We present the case of a kidney transplant patient (Cockroft-Gault estimated creatinine clearance 14 ml/min) who was inadvertently eight-fold overdosed with a single dose of 500 mg intravenous ganciclovir. To prevent the immunosuppressed patient from being exposed to severe risks of prolonged ganciclovir overdosing, including potentially fatal bone marrow suppression and severe neurotoxicity, the patient was treated with hemodiafiltration (HDF) to enhance drug elimination. Since the product label reports a 50% decrease of ganciclovir plasma concentrations after intermittent hemodialysis (HD), two HDF sessions were considered necessary to achieve a ≥75% elimination of the drug by precaution, despite targeted intense HDF prescription. Ganciclovir plasma concentration data were obtained during both HDF sessions and were analyzed retrospectively. Pharmacokinetic analysis revealed that prescribed HDF successfully decreased drug plasma concentrations by ≥90%. This ganciclovir reduction ratio matched the urea reduction ratio achieved (≥92%). Model-based assessment of ganciclovir dialysis clearance (estimated to be 445 ml/min), accounting for its two-compartmental kinetics, was higher than urea dialysis clearance (estimated to be 310 ml/min). This suggests potential relevant accumulation of ganciclovir into blood cells, at least in this patient after overdosing. The amount (fraction) of drug removed by 1$^{st}$ HDF was estimated to 269 mg (93% of total amount of 288 mg eliminated during the 1$^{st}$ HDF session; estimated amount in the body prior to 1$^{st}$ HDF: 380 mg). A literature review was performed to summarize and systematically compare available information on ganciclovir elimination during intermittent renal replacement therapy. In conclusion, the high ganciclovir HDF clearance measured in our patient largely exceeded previously reported elimination during HD, meaning that HDF prescription was highly efficient in the present case, and that a second HDF session might not have been necessary. This finding may be considered to guide renal replacement therapy in the scope of drug overdosing. It may also be evaluated for ganciclovir dose adjustment in patients on chronic HD or HDF with high small solute clearance, since a strong correlation between ganciclovir and urea elimination efficiency was observed.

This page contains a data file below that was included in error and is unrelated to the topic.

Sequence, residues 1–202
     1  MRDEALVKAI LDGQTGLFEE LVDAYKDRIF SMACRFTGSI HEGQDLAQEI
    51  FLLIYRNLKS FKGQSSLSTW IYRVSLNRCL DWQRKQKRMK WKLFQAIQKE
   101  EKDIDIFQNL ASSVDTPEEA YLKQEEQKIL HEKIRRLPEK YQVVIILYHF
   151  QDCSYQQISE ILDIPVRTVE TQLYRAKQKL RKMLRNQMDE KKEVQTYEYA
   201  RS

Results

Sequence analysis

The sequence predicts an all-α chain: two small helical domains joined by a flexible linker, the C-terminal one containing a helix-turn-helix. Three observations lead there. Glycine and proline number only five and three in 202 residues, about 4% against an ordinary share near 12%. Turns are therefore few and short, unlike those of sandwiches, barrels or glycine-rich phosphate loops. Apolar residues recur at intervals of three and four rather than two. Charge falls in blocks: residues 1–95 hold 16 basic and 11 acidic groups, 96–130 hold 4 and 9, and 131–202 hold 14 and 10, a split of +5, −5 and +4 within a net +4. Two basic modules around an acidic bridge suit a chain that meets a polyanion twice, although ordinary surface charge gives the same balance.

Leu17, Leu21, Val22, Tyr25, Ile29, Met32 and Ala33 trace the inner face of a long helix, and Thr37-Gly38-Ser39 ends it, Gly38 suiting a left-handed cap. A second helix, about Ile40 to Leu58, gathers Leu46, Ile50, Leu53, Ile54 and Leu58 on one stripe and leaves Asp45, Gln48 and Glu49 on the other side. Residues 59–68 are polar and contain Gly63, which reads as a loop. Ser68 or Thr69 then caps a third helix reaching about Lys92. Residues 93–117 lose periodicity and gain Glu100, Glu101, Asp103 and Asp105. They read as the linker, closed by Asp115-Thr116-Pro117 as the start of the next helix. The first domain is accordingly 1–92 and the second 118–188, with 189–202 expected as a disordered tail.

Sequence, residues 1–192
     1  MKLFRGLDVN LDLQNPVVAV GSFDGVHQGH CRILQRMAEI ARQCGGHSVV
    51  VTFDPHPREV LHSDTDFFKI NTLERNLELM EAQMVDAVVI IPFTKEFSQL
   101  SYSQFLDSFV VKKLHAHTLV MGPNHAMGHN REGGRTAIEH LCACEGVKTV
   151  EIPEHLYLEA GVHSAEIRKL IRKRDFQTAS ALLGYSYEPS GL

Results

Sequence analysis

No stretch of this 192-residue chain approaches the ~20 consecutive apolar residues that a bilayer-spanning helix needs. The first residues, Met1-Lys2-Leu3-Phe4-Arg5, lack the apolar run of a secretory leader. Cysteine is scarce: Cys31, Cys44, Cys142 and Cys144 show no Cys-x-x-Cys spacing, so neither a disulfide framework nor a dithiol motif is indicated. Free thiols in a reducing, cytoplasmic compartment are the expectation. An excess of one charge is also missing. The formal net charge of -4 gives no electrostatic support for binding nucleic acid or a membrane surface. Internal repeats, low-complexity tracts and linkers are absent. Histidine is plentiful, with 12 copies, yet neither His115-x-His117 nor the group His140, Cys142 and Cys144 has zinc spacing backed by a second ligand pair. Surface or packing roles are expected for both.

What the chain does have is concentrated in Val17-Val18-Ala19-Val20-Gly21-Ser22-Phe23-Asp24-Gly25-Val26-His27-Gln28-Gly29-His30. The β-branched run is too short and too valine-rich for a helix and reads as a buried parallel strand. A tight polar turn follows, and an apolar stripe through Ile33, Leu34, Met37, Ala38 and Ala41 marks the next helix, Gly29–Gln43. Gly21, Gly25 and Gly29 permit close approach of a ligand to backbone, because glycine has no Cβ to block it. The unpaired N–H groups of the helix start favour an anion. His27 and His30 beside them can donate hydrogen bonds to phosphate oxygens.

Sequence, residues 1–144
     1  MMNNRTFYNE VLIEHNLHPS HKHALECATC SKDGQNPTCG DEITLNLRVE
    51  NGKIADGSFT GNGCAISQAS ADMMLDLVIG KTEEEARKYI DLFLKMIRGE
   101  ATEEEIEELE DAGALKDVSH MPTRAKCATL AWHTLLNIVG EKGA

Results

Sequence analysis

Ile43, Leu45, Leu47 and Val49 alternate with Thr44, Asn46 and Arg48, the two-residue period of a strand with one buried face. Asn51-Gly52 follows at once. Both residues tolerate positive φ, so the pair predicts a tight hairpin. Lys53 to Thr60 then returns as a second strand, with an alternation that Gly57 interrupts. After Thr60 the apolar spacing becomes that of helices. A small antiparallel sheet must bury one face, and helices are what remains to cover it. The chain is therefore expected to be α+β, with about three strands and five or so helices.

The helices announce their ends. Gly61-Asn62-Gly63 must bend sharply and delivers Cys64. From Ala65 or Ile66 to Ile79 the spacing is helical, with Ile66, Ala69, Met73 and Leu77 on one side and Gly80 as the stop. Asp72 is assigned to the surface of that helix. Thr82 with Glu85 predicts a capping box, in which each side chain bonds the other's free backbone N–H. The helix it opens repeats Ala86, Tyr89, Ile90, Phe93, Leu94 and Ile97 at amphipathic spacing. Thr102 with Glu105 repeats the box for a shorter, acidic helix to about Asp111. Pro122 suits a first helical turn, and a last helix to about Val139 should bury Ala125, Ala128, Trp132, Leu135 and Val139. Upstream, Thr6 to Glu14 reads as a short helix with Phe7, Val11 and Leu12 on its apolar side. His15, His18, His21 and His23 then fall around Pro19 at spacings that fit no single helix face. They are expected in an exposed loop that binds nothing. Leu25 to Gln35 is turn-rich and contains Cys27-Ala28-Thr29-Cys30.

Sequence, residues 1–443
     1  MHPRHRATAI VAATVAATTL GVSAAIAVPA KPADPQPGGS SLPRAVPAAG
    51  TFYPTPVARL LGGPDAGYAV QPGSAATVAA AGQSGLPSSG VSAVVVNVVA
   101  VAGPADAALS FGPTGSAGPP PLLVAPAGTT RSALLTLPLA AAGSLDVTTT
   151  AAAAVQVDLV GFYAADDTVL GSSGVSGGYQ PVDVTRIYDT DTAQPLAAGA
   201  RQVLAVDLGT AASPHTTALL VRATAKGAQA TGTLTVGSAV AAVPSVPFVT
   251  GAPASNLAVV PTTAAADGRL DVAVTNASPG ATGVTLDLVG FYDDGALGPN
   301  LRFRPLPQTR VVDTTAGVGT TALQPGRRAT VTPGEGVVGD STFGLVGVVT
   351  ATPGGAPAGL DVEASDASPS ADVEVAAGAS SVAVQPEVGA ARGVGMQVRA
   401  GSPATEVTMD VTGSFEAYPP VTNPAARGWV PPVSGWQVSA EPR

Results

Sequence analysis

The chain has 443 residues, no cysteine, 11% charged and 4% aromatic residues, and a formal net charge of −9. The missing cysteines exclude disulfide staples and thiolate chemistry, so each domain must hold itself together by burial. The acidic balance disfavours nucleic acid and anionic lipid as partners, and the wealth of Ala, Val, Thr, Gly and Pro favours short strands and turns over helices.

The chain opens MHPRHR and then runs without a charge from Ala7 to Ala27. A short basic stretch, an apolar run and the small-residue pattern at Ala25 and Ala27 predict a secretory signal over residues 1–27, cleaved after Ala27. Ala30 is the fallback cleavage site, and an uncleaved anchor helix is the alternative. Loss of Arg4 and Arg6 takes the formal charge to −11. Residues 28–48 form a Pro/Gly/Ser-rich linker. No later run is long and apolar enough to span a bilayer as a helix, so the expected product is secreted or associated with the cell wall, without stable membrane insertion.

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Additional indexing

Item Type:Journal Article, refereed, original work
Communities & Collections:04 Faculty of Medicine > University Hospital Zurich > Institute of Clinical Chemistry
Dewey Decimal Classification:610 Medicine & health
540 Chemistry
Scopus Subject Areas:Life Sciences > Pharmacology
Health Sciences > Pharmacology (medical)
Language:English
Date:2020
Deposited On:17 Sep 2020 17:44
Last Modified:01 Oct 2020 16:55
Publisher:Frontiers Research Foundation
ISSN:1663-9812
OA Status:Gold
Free access at:PubMed ID. An embargo period may apply.
Publisher DOI:https://doi.org/10.3389/fphar.2020.00882
PubMed ID:32595505